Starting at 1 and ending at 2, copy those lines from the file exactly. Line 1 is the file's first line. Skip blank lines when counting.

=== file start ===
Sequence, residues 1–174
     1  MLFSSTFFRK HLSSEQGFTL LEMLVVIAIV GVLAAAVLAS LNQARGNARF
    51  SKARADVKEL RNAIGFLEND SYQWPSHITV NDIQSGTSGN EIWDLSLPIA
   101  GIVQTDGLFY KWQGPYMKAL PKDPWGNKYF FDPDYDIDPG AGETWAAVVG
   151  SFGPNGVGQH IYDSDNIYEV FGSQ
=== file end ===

Sequence, residues 1–174
     1  MLFSSTFFRK HLSSEQGFTL LEMLVVIAIV GVLAAAVLAS LNQARGNARF